Thursday, January 28, 2010

Mon Oncle (1958)

Mon Oncle aka My Uncle
Director: Jacques Tati
France 1958
117 min
Starring: Jacques Tati, Jean-Pierre Zola, Adrienne Servantie, Alain Bécourt, Lucien Frégis, Betty Schneider, Jean- Francois Martial and Yvonne Arnaud, among others.

A cosy film with on of the loveliest French characters of cinema ever - Monsieur Hulot.
Academy Award for Best Foreign Language Film in 1959.

Monday, January 25, 2010

Announcement: Mrs. Lolita!

A short announcement!

Today I became a proud fiancée with a golden, glittery ring on my finger! Right on our two year anniversary, that is. I think I still haven't understood the situation, but I'm pretty sure I said something like "Are you kidding? Do you really mean it? Really? Do you want to? Are you sure? Yes!" One has to make sure, right? Ceremony planned for the summer.

I'll be back with more film related subjects soon!

Wednesday, January 20, 2010

Lolita: Student at the Department of Cinema Studies

How cool doesn't that sound? I still can't believe it's true.

This Monday I entered the building Filmhuset ("The Film House"), especially build for Cinema Studies in 1971, to attend by first film class. From the outside one could never guess what treasures are to be found there - a big ass block of concrete on the far side of a huge field, at this year almost impenetrable by 6ft of snow. (At least that's how it feels walking over it in the morning after only one cup of coffee in my blood stream.) It sure is a dream.

Filmhuset from the other side, and my every morning view from now on.

The usual school day contains of a two hour lecture in the morning, and then a screening in one of the two film theaters in the building in the afternoon. I bet everyone who was kind enough to write about their classic-film-at-the-theater-experiences on their blogs had to suffer my complaints about how I never will see a classic film on a big screen; Well, no more!

This Monday I lost my classic-film-on-the-silver-screen virginity with Francois Truffaut's Fahrenheit 451 (1966) - a dystopia where the firemen no longer works with putting out fires, but rather break into people's homes to find hidden books and burn them. You see, litterature only makes people sad. Pretty cool film with Oskar Werner (from Jules and Jim) and Julie Christie (fresh from Doctor Zhivago), and the only English speaking film Truffaut made.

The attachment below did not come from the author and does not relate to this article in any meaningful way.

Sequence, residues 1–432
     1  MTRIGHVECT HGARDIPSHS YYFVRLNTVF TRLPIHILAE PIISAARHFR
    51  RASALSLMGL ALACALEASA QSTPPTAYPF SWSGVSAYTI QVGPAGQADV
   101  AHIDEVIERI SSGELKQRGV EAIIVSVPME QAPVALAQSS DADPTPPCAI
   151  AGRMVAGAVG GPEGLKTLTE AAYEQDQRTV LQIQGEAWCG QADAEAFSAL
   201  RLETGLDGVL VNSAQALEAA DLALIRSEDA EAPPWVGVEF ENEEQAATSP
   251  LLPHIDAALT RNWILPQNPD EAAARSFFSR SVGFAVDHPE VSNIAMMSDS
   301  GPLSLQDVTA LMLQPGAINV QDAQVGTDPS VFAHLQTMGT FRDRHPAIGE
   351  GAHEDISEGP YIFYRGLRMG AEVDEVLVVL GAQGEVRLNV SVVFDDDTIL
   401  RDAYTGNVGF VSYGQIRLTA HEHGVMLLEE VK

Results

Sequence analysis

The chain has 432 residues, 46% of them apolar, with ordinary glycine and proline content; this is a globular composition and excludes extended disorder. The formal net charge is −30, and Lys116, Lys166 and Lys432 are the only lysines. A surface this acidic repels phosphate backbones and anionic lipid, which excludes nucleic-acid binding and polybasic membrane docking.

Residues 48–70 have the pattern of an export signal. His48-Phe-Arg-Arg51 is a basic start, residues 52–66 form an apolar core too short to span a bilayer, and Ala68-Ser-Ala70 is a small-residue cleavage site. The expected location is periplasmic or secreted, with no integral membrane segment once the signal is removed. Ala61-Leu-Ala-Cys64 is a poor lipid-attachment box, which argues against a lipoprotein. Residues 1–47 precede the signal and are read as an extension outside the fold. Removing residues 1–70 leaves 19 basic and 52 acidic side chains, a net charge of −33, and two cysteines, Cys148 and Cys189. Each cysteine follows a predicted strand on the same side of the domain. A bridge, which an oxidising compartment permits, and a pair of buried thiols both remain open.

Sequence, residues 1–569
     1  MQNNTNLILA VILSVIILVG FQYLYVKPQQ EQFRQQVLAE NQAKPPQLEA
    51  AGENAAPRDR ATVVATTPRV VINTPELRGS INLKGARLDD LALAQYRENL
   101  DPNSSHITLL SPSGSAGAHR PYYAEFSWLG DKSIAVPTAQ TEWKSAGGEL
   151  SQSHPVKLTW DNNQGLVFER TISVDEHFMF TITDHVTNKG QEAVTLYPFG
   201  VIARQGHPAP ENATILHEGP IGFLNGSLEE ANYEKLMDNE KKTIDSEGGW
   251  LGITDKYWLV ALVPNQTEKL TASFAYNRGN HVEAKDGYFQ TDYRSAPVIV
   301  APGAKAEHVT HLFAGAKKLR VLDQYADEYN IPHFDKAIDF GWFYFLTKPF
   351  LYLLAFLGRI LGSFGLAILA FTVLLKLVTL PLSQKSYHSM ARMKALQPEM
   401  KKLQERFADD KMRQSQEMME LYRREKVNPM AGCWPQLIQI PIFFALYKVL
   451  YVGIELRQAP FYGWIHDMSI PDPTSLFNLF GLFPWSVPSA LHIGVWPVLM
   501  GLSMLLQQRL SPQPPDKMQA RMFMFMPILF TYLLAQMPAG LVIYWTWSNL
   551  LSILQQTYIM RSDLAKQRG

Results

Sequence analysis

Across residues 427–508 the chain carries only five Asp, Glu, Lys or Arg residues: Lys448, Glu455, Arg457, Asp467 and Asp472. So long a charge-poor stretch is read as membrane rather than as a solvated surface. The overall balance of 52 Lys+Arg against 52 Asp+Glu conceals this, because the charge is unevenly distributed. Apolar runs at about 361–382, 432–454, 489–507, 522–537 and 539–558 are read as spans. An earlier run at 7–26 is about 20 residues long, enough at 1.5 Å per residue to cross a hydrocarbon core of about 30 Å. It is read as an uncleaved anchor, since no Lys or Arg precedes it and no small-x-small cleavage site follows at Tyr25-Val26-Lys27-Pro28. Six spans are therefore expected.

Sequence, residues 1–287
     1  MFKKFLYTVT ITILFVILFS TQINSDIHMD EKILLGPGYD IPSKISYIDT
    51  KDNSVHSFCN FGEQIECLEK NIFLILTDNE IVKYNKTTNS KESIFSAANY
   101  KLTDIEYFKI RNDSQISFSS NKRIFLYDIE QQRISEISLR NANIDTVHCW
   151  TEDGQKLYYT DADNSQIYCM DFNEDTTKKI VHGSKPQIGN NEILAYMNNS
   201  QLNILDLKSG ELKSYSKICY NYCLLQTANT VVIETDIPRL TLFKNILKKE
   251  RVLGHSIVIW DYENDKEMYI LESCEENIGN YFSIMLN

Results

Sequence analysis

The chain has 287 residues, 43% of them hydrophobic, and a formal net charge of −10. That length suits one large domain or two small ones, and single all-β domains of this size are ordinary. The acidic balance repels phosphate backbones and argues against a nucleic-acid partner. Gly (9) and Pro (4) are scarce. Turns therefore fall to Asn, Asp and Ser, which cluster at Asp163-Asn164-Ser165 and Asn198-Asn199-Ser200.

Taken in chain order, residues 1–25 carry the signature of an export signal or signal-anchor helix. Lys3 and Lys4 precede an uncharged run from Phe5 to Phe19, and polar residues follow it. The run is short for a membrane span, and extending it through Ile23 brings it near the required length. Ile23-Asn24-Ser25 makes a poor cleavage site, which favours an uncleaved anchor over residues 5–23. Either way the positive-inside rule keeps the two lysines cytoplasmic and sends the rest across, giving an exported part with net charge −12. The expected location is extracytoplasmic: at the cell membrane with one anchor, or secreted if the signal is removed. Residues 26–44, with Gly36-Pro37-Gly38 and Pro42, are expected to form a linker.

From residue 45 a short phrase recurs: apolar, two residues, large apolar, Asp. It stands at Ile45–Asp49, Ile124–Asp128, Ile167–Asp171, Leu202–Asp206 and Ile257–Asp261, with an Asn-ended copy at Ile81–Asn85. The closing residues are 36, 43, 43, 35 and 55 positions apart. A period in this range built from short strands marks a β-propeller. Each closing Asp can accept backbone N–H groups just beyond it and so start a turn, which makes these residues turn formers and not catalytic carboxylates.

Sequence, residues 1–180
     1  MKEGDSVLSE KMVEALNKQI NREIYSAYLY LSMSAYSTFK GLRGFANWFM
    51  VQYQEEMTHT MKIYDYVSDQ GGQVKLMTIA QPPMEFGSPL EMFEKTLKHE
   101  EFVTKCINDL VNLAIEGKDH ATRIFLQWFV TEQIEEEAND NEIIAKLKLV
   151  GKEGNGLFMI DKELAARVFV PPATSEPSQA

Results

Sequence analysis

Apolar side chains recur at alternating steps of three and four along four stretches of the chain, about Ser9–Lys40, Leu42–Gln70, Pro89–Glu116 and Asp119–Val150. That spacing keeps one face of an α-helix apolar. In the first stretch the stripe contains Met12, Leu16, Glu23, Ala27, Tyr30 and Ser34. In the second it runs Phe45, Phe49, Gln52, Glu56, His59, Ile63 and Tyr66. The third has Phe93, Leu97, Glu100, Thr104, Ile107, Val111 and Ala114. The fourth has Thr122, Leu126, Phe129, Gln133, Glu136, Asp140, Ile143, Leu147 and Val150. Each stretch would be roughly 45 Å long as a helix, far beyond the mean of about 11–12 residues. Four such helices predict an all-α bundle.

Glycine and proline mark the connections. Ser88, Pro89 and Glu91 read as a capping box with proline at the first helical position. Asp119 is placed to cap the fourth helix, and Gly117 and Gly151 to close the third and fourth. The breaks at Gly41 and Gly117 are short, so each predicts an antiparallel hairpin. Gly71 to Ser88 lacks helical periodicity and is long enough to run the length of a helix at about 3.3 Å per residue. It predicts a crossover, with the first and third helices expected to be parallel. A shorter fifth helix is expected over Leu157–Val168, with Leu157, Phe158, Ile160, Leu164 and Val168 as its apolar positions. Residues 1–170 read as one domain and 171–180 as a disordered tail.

Pictures from Fahrenheit 451 (1966).
The title refers to the heat where books start burning.

Yesterday we watched Sofia Coppola's Marie Antoinette (2006), which is (in my opinion) more of an eye candy film than a truly great one. It's cool, but a bit slow. But jeez, is it pretty!

Eye candy from Marie Antoinette (2006).

Did I mention that the movie theaters are named after the two great Swedish silent film directors, Mauritz Stiller (he who is responsible for Greta Garbo's arrival in Hollywood) and Victor Sjöström (Seastrom)? Did I also forget to mention that the Swedish film association Cinemateket show loads and loads of classic films in these theaters - in the very building where I study?

It certainly feels like I have entered a brighter era of my life, and I really hope that the feeling will last for a while. Tomorrow it's time to see Citizen Kane (1941) in the Mauritz theater, and on Tuesday we get the chance to watch a silent piece by earlier mentioned Victor Sjöström (in the Victor theater, of course), A Lover in Pawn (Mästerman, 1920) - with live piano music!

I did not mean this to become a "in your face" post (alright, I did) - but maybe I won't feel like this for a long time, so I better hurry to brag about it!

Polish film poster. Mr. Kane looks evil.

As a last addition to this post I would like to include two works by Frenchman Michel Gondry, the man behind Eternal Sunshine of the Spotless Mind (2004). He experiments a lot with "video art", or what one should call it.  Today it becomes more and more popular to extend the film experience through multiple forms of media, something that is referred to as convergence culture. As I generally am quite uninterested in new films, I am quite surprised to find this phenomenon so fascinating. A good example is the Matrix franchise, that requires the viewer to not only see all three movies, but also play the games, read the comics and search the website to get a full idea (or at least, a broader picture of) what the Matrix is.